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Parents: be afraid, be very afraid – CYFS is now the big threat.

Posted by watchingcyfswatchnewzealand on March 14, 2007

Source: http://www.challengeweekly.co.nz/story1.htm

As posted on CYFSWATCH NZ

Parents: be afraid, be very afraid – CYFS is now the big threat.
Wednesday, 14.03.2007, 04:31pm (GMT12)

By staff reporters

The director of lobby organisation Family Integrity says the real threat to parents if Green list MP Sue Bradford’s anti-smacking bill is passed is not the police but something far worse – the Child Youth and Family Service. And Family First is warning politicians that an outcome of voting for the anti-smacking bill is that children will report their parents to the police when they don’t like parental discipline and correction.

Craig Smith, of Family Integrity, says section 2 of Sue Bradford’s bill makes the correction of children a criminal offence if one uses any hint of force whatsoever. That can be a gesture, a threat to withdraw privileges, intimidation, an appeal to conscience or any kind of physical force. “CYF will come threatening to take the children away. Nothing could be more traumatic to a child, especially since the Children, Young Persons and Their Families Act, section 39, gives a single social worker, operating on his or her own, authority to use whatever force is needed to enter private homes and tear children from the mother’s arms.

“The social worker doesn’t need proof that abuse has taken place; he or she only needs to suspect that ‘ill-treatment’ is ‘likely’ to happen. And CYFS is not accountable if a mistake is made.”

Mr Smith says Section 1 of the Bradford bill lets a parent slap a hand over a child’s mouth if he or she is about to repeat an offensive swear word. But if the parent says, “Don’t do it again or you’ll be off to bed without dessert,” the parent has just committed criminal assault, worth as much as two years in jail.

“If there is uncertainty whether the parent’s actions were corrective or merely preventive, the bill says the corrective interpretation must prevail, putting parents outside the law. A core responsibility of parenting, the correction of children, is being thoroughly subverted.

“The Bradford bill appears to be the product of a fevered mind, corrupted by power, attempting to force its philosophy of child autonomy and minimal parental authority and maximum state powers of intervention upon us all to advance the utopia of a radical feminist agenda where so-called ‘patriarchal structures’ such as the nuclear family are completely destroyed or neutralised,” Mr Smith said.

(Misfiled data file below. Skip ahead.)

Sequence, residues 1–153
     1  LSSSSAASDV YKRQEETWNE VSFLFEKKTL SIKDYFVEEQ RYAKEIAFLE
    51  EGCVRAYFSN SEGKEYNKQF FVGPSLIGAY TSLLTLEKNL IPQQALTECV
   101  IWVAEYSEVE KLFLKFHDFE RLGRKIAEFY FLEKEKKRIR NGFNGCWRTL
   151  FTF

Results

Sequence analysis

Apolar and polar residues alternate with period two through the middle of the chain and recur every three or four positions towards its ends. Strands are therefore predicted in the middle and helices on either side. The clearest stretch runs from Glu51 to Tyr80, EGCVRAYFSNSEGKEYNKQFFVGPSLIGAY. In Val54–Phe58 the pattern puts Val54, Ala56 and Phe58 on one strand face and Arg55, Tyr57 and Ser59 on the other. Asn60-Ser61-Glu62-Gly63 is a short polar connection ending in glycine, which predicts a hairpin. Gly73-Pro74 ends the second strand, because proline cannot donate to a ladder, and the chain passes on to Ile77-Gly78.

Bob McCoskrie, national director of Family First, says prominent QC Peter McKenzie has given a legal opinion that highlights the danger of children dobbing in their parents in which he says that “complaints may be made by children who have resented their means of correction or denial of privileges”. “And this is consistent with international experience,” Mr McCockrie says.

Superintendent R. Logan, the deputy borough commander in Hackney, east London, and Britain’s most senior black policeman has said that parents no longer use physical punishment because they fear they will end up in court facing an assault charge.

He said that the results had been a decline in respect, a rise in family breakdowns and an increasing number of children being put up for adoption. He made these comments during an inquiry into patterns of crime among black men. In Sweden (where smacking was banned in 1979), the Nordic Committee for Human Rights says: “Children have been informed of their rights and so they use their rights to demand more freedom to do as they please. They report their parents with the aim of obtaining freedom, unaware of the consequences of their report to the social authorities or the police …

“When the children realise the seriousness of their accusations they try to withdraw them, but they are held to their stories – without any consideration of the damages that the children themselves incur.

“The resentment that the parents feel towards their children whose unacceptable behaviour was the direct cause of the charges against the parents, has resulted in the loss of normal, loving parental guidance for these children. The guilt felt by the children has also seriously damaged the parent/child relationship.”

Mr McCoskrie says that if politicians pass the Bradford bill, it will only increase the likelihood of disgruntled children making complaints against their parents because of resentment against correction, time out or denial of privileges.

“This will pit children against their parents, and will place parents under extreme pressure,” says Mr McCoskrie, “a totally unacceptable situation for parents who need a level of authority to raise their children in the best environment possible.”

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